Issue 276: 2021 04 22: Families

22 April 2020

The Importance of Family

And the difficulties.

By Lynda Goetz

Families are strange and strangely important.  This much was highlighted by Prince Phillip’s funeral last Saturday.  This wonderfully moving ceremony, watched on television apparently by over 13 million people last weekend, was clearly not a private affair.  It involved the consort to our Queen, her ‘support and stay’ over seven decades.  It was nevertheless, as it turned out, because of Covid-19 regulations, very much a family affair.  Outside St. George’s Chapel, which can hold 800 people, as indeed it did for the wedding of Prince Harry and the American actress Meghan Markle only three years ago, there were 700 military personnel; but inside there were a mere 30 members of the Duke of Edinburgh’s family (both immediate and extended), all seated apart and wearing masks to conform with the current coronavirus regulations.  The amassed military aside, many similarly pared-down funerals have happened over the last year.  How many family stories of rift, division and reconciliation must there be in all those scaled-down ceremonies?

For the House of Windsor, the family rift was horribly public; Harry and Meghan’s interview with Oprah, not only widely viewed, but even more widely reported on, was the stuff of family melodrama.  Nevertheless, Prince Harry was there, at his grandfather’s funeral with the rest of the family, in spite of the words he had spoken and allowed his wife to speak against all of them.  We do not yet know what the outcome will be and yet, as with so many other families in the land, this was an occasion to bring the family together; an occasion where attempts to heal the rift could be made.  In this, the royal family is not unlike any other family.

The English are not really that good at family.  Compared with many other cultures our understanding of family and how it works seems in many cases stilted and frankly awkward.  Amongst the upper and upper-middle classes, understanding has not been helped by the tendency, until relatively recently, to pack children, especially boys, off to boarding school at a very tender age.  This can clearly make closeness difficult.  Among the middle and working classes there is less and less chance of the elderly being part of three-generational households for a number of reasons: houses are not considered large enough; with women working there is no capacity for unpaid care; with people living longer in ill-health, care is often more complicated and beyond the capabilities of immediate family.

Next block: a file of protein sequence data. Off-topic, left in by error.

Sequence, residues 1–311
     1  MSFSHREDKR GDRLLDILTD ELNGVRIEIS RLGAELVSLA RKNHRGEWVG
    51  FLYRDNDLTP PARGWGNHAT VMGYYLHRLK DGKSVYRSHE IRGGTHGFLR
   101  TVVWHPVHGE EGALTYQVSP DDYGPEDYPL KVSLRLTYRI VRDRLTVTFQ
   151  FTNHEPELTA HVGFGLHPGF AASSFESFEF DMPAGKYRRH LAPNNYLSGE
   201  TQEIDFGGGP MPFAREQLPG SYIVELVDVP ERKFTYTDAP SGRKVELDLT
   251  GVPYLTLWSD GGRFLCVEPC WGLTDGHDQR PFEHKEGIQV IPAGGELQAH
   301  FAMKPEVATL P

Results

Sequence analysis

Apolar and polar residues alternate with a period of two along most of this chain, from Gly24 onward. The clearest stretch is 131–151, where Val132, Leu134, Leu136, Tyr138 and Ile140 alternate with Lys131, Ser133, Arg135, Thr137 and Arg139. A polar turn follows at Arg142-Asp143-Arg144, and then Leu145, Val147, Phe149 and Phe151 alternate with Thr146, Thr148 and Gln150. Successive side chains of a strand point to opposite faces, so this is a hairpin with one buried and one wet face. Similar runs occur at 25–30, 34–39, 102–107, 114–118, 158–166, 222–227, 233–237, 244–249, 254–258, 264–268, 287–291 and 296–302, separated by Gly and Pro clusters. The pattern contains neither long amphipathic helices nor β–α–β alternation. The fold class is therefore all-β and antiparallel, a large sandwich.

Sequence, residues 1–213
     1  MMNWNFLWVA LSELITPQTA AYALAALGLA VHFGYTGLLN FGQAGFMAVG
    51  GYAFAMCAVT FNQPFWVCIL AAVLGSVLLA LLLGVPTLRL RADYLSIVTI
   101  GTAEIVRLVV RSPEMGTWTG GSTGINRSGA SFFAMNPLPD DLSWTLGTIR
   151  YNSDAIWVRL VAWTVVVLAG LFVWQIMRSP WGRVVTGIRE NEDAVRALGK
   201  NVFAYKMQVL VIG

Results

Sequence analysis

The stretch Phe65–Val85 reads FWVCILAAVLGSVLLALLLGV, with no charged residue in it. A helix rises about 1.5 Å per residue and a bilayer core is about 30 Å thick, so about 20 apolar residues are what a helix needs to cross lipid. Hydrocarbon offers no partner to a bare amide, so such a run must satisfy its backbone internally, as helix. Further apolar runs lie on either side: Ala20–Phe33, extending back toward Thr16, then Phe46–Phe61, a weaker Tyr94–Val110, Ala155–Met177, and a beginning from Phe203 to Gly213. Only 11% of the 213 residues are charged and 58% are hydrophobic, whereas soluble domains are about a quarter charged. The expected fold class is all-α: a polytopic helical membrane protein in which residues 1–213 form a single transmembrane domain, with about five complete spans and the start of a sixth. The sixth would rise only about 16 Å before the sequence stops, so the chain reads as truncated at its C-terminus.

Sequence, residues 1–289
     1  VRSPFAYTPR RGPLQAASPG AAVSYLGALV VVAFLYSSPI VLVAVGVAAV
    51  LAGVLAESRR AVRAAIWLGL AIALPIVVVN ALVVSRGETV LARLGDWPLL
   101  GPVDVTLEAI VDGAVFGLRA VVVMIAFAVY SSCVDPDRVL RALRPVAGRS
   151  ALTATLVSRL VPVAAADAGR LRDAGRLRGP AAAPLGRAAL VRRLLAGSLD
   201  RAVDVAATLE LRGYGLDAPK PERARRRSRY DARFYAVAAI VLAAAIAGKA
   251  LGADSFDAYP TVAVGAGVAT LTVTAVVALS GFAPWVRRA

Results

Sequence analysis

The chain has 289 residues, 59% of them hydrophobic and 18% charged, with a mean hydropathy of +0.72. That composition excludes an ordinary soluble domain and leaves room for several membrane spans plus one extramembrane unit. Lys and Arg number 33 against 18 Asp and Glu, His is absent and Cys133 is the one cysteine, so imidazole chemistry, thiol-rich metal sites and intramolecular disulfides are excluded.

This is not to say that we, the English, do not care for family, simply that we do not really put ourselves out to understand what it is or what it means to us until it is frequently too late.  Thus, funerals, instead perhaps of being celebrations of a life well-lived, can become occasions of reconciliation or even regret.  Should we be more appreciative of family?  Friends, it is said, we choose; family we are saddled with.  This is only to some extent true.  Many friends are friends because of time, location and circumstance.  Family in some ways is similar, but we are bound to them by ties which can be stronger than friendship.  At the same time, sibling rivalry is not imaginary or the invention of novelists.  It can be strong, real and deadly.  Historically, literally deadly in royal houses or families where the eldest inherited.  We do not always like our siblings, even if we may love them because they are our siblings.

Such ties are hard to explain and sometimes even harder to live.  The jealousies, recriminations and perceived slights can be real and impossible to see beyond and yet those without family often live a life of loss; a life with an empty space where family should be; a life which is an attempt to fill that void.  Those of us fortunate enough to have family should perhaps, if we don’t already, learn to appreciate it more; recognise the value not only of immediate family, but extended family, of cousins, aunts, uncles, nieces, nephews, in-laws and so on.  Families of today do seem to be far more complicated than ever with divorces and remarriages, with stepchildren and half-brothers and sisters.[i]  This may be in some ways a challenge, but it is also a wonderful opportunity to embrace a small world within which we can exercise our skills of understanding, inclusion, tolerance and inter-generational friendship.

It would appear that the late Prince Philip possessed this ability and openness in abundance, apart from all his other impressive talents.  Many others may well posses them too, but if we are to take anything from the death and the funeral of a public figure, whom most of us didn’t know in any meaningful way, it is his example of dedication to everything he did and to all those around him, particularly his family.  Very few have the opportunity to shine and be remembered as public figures.  We all have the ability to become legends within our own extended families.



[i] The recent stabbing of Sir Richard Lexington Sutton allegedly by his stepson perhaps highlights the tensions created by such relationships, although the circumstances of this tragedy are yet to be made public.


Cover page family photo: Annie Spratt (Unsplash).


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